Tennessee man accepts Oklahoma DHS director's job
Ed Lake has accepted the job as director of the Oklahoma Department of Human Services.
If that should happen, the governor would appoint the DHS director.
Fallin said she has no plans to replace Lake if State Question 765 is approved.
39 years of experience
Lake served 39 years with the Tennessee Department of Human Services. He worked his way up through the ranks, holding such positions as child welfare caseworker, food stamp office supervisor, county and regional director and assistant and deputy commissioner.
He retired from that agency in 2011.
Lake holds a bachelor's degree in social welfare from East Tennessee State University and a master's degree in social work from the University of North Carolina at Chapel Hill.
As DHS director, he will earn a salary of $185,000 a year, plus a $5,000 signing bonus if he stays on the job at least a year.
Lake will be taking over leadership of an agency that has come under considerable legislative and public scrutiny because of the deaths of children in its care.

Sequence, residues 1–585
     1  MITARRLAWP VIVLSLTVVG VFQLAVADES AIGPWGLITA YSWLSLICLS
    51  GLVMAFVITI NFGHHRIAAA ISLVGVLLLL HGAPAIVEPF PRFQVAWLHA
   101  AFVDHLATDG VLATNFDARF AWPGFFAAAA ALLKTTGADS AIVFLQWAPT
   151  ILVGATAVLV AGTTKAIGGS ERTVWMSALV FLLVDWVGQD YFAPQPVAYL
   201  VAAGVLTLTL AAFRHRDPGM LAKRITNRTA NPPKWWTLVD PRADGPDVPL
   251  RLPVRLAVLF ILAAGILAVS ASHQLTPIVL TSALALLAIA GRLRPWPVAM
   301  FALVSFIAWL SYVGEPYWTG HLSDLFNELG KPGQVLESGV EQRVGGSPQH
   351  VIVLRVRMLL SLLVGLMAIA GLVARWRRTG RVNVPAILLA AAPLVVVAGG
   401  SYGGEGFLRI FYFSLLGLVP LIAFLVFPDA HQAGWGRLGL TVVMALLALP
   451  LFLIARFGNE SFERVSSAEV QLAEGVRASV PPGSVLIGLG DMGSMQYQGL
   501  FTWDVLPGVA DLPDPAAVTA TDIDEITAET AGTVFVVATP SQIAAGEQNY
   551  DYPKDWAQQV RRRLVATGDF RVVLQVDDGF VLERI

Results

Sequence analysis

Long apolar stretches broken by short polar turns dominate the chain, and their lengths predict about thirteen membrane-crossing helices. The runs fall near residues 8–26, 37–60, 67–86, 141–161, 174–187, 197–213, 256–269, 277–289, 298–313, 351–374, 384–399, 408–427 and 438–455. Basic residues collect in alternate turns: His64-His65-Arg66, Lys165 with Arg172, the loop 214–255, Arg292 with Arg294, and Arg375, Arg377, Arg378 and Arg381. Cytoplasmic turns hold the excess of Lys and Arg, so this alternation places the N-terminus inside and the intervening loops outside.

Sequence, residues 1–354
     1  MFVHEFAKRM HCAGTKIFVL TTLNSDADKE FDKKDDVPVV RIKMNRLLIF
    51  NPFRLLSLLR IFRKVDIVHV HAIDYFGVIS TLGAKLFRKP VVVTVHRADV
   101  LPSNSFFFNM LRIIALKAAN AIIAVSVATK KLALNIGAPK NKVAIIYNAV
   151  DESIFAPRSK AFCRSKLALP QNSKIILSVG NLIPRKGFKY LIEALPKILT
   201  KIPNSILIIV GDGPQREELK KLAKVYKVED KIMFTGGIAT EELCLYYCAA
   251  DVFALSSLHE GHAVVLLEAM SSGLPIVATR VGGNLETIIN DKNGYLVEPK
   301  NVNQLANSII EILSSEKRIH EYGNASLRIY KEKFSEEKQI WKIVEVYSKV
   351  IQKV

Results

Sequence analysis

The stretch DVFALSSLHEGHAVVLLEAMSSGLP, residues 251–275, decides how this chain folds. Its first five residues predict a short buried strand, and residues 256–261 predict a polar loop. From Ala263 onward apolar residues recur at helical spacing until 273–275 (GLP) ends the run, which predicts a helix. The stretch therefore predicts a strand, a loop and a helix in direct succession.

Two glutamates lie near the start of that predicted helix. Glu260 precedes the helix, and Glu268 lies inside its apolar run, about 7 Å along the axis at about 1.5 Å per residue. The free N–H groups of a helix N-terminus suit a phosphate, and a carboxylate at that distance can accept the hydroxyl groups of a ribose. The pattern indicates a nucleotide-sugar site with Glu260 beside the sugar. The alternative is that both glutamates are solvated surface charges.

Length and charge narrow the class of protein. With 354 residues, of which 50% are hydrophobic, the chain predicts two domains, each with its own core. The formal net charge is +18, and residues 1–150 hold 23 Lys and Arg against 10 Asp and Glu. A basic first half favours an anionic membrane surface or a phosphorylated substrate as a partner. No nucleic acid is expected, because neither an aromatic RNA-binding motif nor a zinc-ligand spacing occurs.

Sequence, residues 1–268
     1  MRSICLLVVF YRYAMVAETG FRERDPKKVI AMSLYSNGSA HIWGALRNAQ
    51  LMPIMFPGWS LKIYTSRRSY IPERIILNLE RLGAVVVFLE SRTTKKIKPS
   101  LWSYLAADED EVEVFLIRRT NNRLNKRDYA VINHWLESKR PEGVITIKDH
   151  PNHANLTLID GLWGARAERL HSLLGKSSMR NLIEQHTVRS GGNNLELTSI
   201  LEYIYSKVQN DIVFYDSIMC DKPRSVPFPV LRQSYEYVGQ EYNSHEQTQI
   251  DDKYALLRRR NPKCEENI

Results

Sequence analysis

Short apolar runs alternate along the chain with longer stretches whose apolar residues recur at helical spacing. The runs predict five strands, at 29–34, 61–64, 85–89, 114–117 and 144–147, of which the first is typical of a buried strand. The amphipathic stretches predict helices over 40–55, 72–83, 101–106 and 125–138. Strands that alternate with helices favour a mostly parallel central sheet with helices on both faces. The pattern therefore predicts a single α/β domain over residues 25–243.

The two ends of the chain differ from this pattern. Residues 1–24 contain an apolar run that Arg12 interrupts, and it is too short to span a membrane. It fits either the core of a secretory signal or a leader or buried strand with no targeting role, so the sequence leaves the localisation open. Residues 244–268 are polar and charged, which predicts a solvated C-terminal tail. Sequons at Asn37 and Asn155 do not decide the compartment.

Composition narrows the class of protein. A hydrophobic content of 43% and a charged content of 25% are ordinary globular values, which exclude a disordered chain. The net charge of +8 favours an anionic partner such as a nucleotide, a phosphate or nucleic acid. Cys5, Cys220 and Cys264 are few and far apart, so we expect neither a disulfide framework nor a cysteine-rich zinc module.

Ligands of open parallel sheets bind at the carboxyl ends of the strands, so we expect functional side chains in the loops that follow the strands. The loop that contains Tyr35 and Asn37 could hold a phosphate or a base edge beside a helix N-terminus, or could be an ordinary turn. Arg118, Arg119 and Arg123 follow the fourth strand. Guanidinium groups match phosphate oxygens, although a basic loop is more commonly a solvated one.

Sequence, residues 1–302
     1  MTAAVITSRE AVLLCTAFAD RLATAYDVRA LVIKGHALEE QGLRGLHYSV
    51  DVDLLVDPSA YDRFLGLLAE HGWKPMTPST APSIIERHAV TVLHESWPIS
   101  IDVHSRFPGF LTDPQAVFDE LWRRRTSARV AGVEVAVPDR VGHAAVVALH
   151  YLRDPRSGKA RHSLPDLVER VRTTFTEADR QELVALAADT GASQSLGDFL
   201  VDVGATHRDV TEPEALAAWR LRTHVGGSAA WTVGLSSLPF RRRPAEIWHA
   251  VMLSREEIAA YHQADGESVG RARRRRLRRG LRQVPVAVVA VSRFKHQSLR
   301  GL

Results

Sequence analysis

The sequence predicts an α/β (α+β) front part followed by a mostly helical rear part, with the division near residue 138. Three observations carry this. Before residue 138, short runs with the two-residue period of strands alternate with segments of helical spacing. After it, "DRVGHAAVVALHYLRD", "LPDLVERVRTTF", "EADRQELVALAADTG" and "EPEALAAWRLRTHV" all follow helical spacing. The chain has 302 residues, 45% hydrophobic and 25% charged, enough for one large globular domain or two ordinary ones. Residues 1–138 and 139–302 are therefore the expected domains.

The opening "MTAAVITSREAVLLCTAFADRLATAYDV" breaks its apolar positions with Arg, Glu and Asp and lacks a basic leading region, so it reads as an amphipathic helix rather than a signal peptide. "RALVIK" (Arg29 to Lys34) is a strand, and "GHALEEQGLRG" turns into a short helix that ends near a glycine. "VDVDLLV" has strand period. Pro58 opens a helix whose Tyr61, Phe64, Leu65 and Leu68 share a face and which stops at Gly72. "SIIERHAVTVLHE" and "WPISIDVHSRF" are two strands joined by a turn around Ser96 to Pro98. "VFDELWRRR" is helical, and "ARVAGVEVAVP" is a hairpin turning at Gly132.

One of his primary responsibilities will be overseeing the implementation of a five-year reform plan, called the Pinnacle Plan, which was developed as part of a settlement agreement to a Tulsa federal class-action lawsuit over the care of children in state custody.
Lake voiced strong familiarity with provisions of the plan that calls for decreasing caseloads, improving training, enhancing support from management, recruiting more foster homes and decreasing use of state shelters.
“I think it's a good plan,” Lake said. “It's got the components that would lead to a successful child welfare system. Now, getting there with the ambitious time frame and a lot of the ambitious elements of the plan, that's going to be a challenge. But you've got to do it. It hasn't got anything to do with the legalities of the agreement. Those are the right things to do.”
“We all want that department to be the department that Oklahomans want,” he said.
Lake said that means operating an agency that cares about people and said that caring should be obvious to people outside the agency.
“We want to become known for our competency and our willingness to go the extra mile to protect children and help adults, and do what we're supposed to do,” Lake said.
DHS is Oklahoma's largest state agency with about 7,000 employees. The agency has a total budget of about $2.3 billion, including federal programs. The agency was appropriated $587 million in state dollars for fiscal year 2012, said Sheree Powell, spokeswoman for the agency.
Lake will succeed Howard Hendrick, who announced his retirement earlier this year.
Preston Doerflinger has been serving as interim director. Doerflinger will now go back to his former position as director of the Office of State Finance.
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